I was on the last pages of Katherine Boo's "Behind the beautiful forevers" when I put it down to listen to crowd cheering for Modi's speech at Madison Sqaure. On one side, the story of a Mumbai slum, where life is dying unnoticed and yet Katherine suggesting that "Hope is not a fiction", and on the other hand standing ovations and endless cheers to Modi's description of "India of dreams".
Both Katherine and Modi are eloquent in the description of hope that Indians should have despite our tragedies either in slums of Mumbai or on the streets of New York, but both of them leave me with a sense of incomprehension.

What I liked about Katherine that she had tended to what people in her books were thinking at a specific event, or during mundane tasks. Her accounts are like a witness, a true art of a journalist who wouldn't want alteration of the course because of her presence. But her accounts are also of truth and its impact. The way she writes, it feels like she is feeling the truth of every person in her book which goes beyond witnessing, with more insights than those people did. Somthing that they didn't comprehend for themselves but she did.

I left the work at NGO to join a for-profit organization, even though still in education and with people who want to solve the problem with the sustainable disposition. But I miss life of living with the street children and knowing their truths. I felt envy of Unnati, whom Katherine suggested helped her out in this book. I know what it is live with those people. Their lives seem backward from a distance. After all, we have knowledge of Little Italy and iPhone 6 which they might not understand. But they have something far more precious. Their lives have always seemed to me more real than mine. Something that Katherine comprehends while I even after reading her book don't.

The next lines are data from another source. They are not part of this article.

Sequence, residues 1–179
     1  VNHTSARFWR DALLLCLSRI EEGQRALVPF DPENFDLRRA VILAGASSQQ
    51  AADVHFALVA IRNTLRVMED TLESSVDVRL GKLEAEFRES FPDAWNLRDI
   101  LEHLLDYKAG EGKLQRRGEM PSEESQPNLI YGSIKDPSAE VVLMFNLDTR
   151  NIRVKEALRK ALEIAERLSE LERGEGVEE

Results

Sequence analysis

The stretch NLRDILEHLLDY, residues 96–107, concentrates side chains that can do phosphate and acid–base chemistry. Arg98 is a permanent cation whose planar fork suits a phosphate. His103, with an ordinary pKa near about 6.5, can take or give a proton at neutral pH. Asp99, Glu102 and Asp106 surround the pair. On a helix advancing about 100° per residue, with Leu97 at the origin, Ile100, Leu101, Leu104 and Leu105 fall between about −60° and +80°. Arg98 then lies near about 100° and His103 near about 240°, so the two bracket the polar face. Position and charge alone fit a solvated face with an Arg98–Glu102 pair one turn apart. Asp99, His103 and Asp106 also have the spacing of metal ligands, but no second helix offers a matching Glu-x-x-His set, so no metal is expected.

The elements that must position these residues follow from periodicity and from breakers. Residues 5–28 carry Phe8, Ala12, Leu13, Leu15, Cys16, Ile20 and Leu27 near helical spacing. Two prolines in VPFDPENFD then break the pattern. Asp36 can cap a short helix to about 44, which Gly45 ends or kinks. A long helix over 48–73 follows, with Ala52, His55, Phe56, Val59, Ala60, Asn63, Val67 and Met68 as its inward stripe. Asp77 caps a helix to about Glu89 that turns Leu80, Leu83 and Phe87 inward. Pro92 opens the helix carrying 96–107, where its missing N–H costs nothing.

Narendra Modi suggests that Mahatma Gandhi saw a very clear dream of India's independence, and for that he taught the idea of seva to every Indian. To be taking pride in cleaning of the road to teaching in a school and thus feeling the independence instead of becoming a martyr.

Once I had felt connected to all these thoughts and they were no brainer to me. But these days, I am disconnected. May be hope is turning out to be fiction despite being more equipped and affluent than the people in Katherine's book. May be it is a sense of failure. May be that happens when we choose an easy path. 

A good life or a bad life, life is always is. Says Abdul in Katherine's book. Life of financial well-being, or of blind ambitions does take you away from feeling the truths. Every luxury feels futile and artificial. But if you run away from it, you find yourself helpless in solving such magnificent problems as the slums of Mumbai or the lives of those street children had presented in front of me. I am pretty sure Katherine would have found it hard to stop herself from solving the trivial problems that led to change of lives of these people. Witnessing is still easier than actually trying to solve these problems because the truth is the cycle never ends and one get trapped until you decide to run away. And running away is easiest of all, the path that I chose. And may be because Hope is a fiction for hopeless souls like mine.

Friday, August 29, 2014

A tough story to tell

It is going to be a tough story to tell today. I have delayed telling it because it required a breakdown to happen. It required something to break on the surface to ooze out something from within. May be I was bleeding internally, and now only I have decided to allow it to come out.

I have gone underground in a way that all I can look at is a basement where everything is covered with white sheets. I have left the most vulnerable part of me in that basement, to keep it safe. People are seeing somebody else, someone liberated, someone happy, someone in control, someone with potential to succeed. That's very good, they say. Where do you find a person like that these days? So I keep my fingers crossed that people keep seeing that when they see me, because my fear is that truth is victorious always, and what they are seeing is not truth.